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Amazon shares soar on surprise profit, market value tops Wal-Mart's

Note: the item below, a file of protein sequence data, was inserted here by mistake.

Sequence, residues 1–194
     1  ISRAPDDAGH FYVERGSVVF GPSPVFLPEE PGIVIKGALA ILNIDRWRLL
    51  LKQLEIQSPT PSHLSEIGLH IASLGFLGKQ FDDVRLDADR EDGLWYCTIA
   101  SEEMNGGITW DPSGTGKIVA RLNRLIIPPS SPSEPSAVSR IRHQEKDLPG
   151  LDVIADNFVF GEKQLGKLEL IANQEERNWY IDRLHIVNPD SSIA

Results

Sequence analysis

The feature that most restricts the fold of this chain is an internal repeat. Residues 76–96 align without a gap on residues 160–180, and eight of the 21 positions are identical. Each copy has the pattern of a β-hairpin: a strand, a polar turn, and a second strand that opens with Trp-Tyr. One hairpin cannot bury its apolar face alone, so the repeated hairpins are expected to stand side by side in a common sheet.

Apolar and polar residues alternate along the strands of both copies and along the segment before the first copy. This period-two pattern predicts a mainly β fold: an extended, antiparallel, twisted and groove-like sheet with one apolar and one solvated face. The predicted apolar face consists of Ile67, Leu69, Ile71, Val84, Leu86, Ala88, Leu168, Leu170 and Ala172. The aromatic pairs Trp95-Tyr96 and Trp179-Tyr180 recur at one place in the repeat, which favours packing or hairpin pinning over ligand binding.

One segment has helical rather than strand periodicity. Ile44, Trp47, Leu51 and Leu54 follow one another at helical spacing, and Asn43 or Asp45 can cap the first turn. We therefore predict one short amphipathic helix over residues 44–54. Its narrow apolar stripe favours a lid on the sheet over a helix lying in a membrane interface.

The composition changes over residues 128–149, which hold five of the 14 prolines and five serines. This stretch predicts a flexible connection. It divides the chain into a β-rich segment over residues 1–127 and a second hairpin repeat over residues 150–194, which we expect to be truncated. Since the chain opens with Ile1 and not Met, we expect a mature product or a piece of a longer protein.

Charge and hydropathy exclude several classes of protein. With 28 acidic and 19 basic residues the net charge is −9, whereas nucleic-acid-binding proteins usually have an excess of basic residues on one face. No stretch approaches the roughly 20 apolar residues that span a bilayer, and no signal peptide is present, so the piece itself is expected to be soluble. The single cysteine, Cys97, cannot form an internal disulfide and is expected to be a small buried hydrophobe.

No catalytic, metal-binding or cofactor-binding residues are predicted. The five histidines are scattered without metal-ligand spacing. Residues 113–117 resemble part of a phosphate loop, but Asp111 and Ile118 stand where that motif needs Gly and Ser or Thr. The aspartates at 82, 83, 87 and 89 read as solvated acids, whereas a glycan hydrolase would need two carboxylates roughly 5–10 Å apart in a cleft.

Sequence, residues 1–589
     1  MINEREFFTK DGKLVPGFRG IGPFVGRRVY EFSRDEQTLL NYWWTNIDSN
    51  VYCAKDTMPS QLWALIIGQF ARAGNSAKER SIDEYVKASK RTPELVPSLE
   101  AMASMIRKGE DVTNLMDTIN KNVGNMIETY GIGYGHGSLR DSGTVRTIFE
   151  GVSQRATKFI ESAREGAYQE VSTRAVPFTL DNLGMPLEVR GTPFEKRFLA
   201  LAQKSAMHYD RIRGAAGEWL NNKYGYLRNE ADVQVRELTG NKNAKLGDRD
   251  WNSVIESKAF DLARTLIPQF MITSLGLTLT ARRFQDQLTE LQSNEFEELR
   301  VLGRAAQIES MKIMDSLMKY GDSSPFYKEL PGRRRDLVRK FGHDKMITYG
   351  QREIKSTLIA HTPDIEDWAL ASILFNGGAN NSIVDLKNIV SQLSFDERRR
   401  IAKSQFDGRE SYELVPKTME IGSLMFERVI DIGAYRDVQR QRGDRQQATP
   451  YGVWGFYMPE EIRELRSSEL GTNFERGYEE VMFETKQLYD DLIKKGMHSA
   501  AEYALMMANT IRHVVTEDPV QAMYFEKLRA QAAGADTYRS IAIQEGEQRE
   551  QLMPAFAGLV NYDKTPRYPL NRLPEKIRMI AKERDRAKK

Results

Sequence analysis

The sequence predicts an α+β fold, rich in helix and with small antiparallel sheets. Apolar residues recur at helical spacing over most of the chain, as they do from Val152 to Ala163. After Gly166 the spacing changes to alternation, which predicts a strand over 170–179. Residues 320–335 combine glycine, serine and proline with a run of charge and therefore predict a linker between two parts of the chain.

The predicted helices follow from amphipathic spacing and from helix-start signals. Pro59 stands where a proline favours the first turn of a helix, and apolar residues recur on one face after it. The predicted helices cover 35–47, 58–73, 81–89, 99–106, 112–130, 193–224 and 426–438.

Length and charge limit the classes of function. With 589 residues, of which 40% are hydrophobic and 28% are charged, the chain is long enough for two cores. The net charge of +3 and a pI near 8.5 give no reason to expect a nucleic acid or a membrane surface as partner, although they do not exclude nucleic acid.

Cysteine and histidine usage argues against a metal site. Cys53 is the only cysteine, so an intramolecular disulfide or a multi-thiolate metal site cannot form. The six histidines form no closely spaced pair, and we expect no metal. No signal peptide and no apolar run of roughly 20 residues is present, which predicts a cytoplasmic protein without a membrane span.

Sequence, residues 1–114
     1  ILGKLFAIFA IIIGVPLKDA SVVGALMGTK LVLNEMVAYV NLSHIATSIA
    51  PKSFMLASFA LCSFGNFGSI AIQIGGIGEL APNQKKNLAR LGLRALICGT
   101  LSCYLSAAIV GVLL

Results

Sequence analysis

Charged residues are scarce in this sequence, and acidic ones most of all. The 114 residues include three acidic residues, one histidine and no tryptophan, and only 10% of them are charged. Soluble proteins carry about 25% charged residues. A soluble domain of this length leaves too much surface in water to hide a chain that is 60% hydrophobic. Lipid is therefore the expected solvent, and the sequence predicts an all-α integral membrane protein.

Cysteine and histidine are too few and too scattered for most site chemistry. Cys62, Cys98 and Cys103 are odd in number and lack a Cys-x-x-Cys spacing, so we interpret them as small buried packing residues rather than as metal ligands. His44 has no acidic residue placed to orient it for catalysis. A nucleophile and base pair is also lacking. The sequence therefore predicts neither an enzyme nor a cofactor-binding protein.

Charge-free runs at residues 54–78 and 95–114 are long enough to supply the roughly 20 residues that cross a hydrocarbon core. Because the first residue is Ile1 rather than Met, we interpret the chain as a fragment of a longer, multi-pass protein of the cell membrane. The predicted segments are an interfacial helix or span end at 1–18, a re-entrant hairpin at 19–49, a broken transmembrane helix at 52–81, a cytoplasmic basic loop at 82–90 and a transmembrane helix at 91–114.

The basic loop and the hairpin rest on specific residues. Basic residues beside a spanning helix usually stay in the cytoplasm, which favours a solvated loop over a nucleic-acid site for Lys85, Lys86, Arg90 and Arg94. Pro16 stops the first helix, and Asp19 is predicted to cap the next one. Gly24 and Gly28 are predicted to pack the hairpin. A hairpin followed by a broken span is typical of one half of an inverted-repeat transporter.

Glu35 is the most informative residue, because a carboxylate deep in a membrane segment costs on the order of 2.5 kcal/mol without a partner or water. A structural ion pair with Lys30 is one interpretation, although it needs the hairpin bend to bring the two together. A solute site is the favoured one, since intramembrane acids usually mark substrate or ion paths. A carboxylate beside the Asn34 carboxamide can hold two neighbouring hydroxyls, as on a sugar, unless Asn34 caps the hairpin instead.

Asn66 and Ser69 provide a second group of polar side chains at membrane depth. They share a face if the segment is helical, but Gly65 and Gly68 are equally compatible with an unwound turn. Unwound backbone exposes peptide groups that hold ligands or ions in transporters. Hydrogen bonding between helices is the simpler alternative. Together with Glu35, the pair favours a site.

By Anya George Tharakan and Mari Saito (Reuters) - Inc shares surged more than 17 percent on Thursday as the online retailer posted an unexpected quarterly profit, pushing its market value above that of Wal-Mart Stores Inc , the world's largest retailer. Combined with a bullish forecast for the third quarter, upbeat comments from company executives on Amazon's Prime delivery service and rapid growth in its cloud computing service, Amazon delivered the kind of results Wall Street is looking for. Seattle-based Amazon, which last reported a profit in the 2014 fourth quarter, has often faced worries by investors that its heavy spending on new ventures will not actually pay off. "My quick take is that management has a lot of discretion over spending and appears to understand that investors prefer profits to losses," said Michael Pachter, analyst at Wedbush Securities. "If they keep delivering profits, the stock should work." Amazon's shares had languished for much of last year as the company failed to deliver sustainable profits. The shares traded as low as $284 last October, virtually half of the price reached in after-hours trade on Thursday. Prime, which for $99 a year also provides exclusive access to certain movies, music and Kindle books, is getting new subscribers at rates "higher than we've ever seen," Chief Financial Officer Brian Olsavsky told analysts on a conference call. Membership was growing faster outside the United States than inside, helped in part by a recent one-day sale event called "Prime Day," Amazon said. It declined to disclose membership figures. "Growth has been fueled in large part by Prime growth and also (item) selection growth so it's been a huge driver both in North America and international segments," Olsavsky said in a separate call for reporters. For the second quarter, Amazon reported a profit of $92 million, or 19 cents per share, compared with a loss of $126 million, or 27 cents per share, a year earlier. Revenue rose 19.9 percent to $23.19 billion. Analysts on average had expected a loss of 14 cents per share on revenue of $22.39 billion. "It looks like they beat across every major revenue line," said Colin Sebastian, analyst with Robert W. Baird & Co. "That, along with the surprise profit beat, is icing on the cake, so to speak." Sales in North America, the company's biggest market, rose 25.5 percent to $13.8 billion from a year earlier, helped by strong demand for electronics and general merchandise. Revenue from the cloud computing division, Amazon Web Services, soared 81.5 percent to $1.82 billion, accounting for nearly 8 percent of the quarter's revenue. Amazon considers Amazon Web Services a core engine of growth, along with Amazon Prime and Marketplace, where the company acts as a middleman for third-party vendors. Wall Street views AWS as an important source of stable profits. Shares of Amazon, which began as an online bookstore 20 years ago, jumped to $566.02 in after-hours trade. If the stock maintains this level on Friday, Amazon's market value would well exceed Wal-Mart's $233.52 billion. Amazon declined to comment on rising competition from new online retailers like, which offers annual memberships at half the price of Amazon Prime and promises savings on 10 million products. Jet, which has so far raised $220 million from top venture capital firms, will list its discounted prices next to Amazon's lowest price for the same products. "We've been in competition with some of the biggest names in retail," Olsavsky said, "so we're used to competition but we're focused on the customer." The company forecast net sales would grow 13 percent to 24 percent, to a range of $23.3 billion to $25.5 billion, in the third quarter, well above analysts' consensus estimate of $23.89 billion, according to Thomson Reuters I/B/E/S. Amazon estimated third-quarter operating results ranging from a loss of $480 million to income of $70 million. (Reporting by Anya George Tharakan in Bengaluru and Mari Saito in San Francisco; Editing by Stephen R. Trousdale, Richard Chang and Leslie Adler)